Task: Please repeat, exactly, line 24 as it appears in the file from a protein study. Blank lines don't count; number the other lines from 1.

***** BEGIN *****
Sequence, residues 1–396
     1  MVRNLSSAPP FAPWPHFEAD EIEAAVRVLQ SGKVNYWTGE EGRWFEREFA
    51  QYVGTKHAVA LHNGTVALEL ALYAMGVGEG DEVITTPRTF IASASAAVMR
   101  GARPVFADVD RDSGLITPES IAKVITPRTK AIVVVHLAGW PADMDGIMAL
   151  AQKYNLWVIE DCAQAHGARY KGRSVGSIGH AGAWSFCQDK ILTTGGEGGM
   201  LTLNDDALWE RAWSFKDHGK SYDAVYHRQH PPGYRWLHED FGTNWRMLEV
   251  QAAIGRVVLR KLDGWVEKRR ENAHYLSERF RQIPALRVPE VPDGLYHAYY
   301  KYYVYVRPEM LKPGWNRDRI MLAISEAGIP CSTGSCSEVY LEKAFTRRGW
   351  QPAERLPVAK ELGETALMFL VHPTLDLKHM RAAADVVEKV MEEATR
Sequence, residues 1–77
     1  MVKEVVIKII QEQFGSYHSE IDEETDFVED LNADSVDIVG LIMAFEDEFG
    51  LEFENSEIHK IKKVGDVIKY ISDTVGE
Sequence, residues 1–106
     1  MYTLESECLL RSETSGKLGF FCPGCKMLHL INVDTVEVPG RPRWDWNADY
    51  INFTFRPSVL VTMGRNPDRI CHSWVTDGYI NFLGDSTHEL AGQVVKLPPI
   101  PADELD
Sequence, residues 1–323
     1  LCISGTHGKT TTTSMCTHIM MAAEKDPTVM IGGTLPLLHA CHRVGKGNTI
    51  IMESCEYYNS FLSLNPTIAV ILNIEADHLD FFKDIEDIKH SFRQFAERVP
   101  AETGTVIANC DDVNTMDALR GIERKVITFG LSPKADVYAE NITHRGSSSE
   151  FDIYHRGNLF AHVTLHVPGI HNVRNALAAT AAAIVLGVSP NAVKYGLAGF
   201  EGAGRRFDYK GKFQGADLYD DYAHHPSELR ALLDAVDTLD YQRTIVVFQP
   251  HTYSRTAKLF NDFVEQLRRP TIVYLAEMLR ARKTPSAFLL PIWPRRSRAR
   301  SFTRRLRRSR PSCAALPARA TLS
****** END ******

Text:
   301  SFTRRLRRSR PSCAALPARA TLS